I am sitting down to write this morning because that seems to be the way I get my lungs and heart to work.
Writing sometimes feels like riding a stationary bicycle. You approach it with resistance, maybe a little boredom. You don’t really feel like you are getting anywhere, but later you feel the ache coupled with a sense of accomplishment.
You are getting stronger.
On better days you feel more like Captain Cook traversing over unknown lands, embarking on great adventures to go where no human has gone before.
At least, that’s what it seems, until you see footprints in the snowy tundra.
Because really, there is nothing new under the sun.
But I don’t say that cynically.
The world can always be seen as new, it’s all a matter of whether we open our eyes or not.
So, as writers and artists we dare to portray ancient truths in new light. To make connections, build swinging bridges over deep and dangerous chasms.
We write to make sense of life.
When you forget this, you begin to live like life isn’t very extraordinary. You begin to get into this routine, chugging through hours and days, waiting for something exciting to come your way.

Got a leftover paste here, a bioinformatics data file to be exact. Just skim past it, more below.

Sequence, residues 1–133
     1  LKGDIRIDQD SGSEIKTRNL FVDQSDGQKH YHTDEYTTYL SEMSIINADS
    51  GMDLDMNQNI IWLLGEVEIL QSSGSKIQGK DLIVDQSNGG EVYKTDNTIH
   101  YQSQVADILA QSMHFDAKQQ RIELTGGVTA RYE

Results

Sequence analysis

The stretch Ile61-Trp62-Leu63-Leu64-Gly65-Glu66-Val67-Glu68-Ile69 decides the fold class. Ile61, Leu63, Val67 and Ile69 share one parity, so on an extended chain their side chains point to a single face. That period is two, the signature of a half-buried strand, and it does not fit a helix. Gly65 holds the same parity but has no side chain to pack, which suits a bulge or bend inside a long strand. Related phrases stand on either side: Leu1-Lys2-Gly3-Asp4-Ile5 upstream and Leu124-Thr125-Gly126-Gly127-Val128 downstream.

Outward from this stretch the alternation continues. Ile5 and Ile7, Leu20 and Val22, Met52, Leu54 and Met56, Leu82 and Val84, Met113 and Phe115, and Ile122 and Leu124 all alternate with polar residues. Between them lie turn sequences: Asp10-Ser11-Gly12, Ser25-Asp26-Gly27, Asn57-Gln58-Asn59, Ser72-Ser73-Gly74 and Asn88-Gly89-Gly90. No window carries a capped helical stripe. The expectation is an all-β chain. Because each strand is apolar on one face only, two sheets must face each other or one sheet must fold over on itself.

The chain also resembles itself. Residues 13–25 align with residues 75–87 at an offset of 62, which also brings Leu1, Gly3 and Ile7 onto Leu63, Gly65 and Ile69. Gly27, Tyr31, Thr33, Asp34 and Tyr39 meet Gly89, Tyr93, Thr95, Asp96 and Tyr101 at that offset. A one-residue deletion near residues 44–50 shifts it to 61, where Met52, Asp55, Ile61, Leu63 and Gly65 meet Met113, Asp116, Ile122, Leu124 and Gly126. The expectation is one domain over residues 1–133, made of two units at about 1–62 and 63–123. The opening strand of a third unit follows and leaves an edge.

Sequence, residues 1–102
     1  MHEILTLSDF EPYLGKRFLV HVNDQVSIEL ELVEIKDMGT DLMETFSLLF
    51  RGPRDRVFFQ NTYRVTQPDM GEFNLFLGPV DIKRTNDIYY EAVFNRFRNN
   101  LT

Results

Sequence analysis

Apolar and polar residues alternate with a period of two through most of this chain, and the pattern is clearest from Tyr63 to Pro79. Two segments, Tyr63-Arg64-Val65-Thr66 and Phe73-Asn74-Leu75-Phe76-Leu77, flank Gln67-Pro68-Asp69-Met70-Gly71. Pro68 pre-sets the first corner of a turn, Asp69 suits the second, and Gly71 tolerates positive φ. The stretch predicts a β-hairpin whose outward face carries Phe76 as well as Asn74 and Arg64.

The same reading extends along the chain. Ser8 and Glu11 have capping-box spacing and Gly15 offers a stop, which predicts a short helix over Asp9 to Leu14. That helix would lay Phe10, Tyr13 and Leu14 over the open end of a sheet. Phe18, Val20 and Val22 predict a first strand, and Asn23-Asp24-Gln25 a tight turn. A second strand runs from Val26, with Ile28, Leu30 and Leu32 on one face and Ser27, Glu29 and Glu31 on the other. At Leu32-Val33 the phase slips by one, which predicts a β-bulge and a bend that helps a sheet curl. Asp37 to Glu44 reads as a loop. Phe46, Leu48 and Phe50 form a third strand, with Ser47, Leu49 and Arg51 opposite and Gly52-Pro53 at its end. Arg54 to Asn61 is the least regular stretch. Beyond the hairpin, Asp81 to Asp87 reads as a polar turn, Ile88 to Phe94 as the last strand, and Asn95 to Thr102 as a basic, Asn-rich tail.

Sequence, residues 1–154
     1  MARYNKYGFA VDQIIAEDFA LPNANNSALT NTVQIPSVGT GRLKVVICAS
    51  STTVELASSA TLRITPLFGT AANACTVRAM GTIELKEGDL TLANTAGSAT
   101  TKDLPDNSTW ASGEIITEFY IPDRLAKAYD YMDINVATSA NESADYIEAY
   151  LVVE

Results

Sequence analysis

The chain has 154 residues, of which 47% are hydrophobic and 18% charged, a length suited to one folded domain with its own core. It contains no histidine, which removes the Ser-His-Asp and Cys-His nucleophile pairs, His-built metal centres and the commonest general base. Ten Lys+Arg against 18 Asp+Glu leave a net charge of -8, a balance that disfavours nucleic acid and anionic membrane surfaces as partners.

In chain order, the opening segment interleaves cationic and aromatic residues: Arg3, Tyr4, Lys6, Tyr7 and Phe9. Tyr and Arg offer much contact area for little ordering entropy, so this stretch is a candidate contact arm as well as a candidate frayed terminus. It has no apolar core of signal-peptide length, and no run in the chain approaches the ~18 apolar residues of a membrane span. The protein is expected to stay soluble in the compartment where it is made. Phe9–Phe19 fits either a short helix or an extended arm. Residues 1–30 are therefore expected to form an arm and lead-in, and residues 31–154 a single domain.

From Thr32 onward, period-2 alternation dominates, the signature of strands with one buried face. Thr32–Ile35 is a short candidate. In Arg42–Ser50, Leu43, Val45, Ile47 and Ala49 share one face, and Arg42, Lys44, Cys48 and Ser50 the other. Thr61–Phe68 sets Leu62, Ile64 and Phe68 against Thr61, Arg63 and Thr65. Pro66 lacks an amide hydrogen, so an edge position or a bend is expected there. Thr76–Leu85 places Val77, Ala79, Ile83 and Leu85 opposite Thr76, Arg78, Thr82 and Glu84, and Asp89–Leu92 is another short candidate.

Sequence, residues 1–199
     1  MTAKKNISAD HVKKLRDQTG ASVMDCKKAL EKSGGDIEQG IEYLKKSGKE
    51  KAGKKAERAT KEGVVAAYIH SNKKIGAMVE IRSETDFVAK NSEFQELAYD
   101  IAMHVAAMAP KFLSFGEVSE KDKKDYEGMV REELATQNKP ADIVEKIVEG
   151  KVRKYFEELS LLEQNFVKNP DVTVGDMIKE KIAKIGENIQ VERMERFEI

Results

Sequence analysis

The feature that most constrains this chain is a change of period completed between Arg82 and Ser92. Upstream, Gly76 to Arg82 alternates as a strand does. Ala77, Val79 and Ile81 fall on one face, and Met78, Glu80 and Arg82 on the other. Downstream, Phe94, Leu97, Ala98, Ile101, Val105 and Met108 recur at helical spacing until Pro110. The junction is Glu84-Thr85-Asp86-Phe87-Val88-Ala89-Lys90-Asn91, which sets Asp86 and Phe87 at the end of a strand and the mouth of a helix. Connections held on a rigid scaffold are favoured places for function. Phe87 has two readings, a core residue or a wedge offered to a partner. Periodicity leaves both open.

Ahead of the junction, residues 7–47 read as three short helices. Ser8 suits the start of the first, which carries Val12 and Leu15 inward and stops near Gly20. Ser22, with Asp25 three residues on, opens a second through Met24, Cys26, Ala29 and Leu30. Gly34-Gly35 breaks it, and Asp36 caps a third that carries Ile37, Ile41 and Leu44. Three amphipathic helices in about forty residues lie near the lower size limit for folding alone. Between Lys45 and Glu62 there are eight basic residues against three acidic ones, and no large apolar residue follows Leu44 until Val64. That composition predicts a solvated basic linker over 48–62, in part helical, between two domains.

You forget that being a writer and being an adventurer go hand-in-hand.
You realize you can make your own way, so you do, slashing through thick proverbial jungle green, pointing out that bright yellow bird along the way.
“See that? Look at the way his feathers shine. Look! Look how those droplets of dew glisten in the sun on that green bud!”
And the party you are leading, (because you are never on this journey alone) “Ooh” and “Aww” because they were so focused on the mosquitos and overwhelming foliage they couldn’t see the beauty right in front of them.
And so eventually you come upon a clearing in a valley. Inevitably, somebody starts a fire. The weary travelers take off the loads they have been hauling and rest, staring into the flickering flames.
And you all feel like maybe you are just like generations of people who lived this way, who found themselves journeying and suffering and reminding each other of bright birds and water droplets right in front of them.
Then someone stands up, energized by thoughts of those that have gone before them, and speaks, those sacred, exciting, life-giving words,
”Let me tell you a story…”
Then all goes silent.
Words tumble out, dancing upward with the firelight.
And the world becomes new.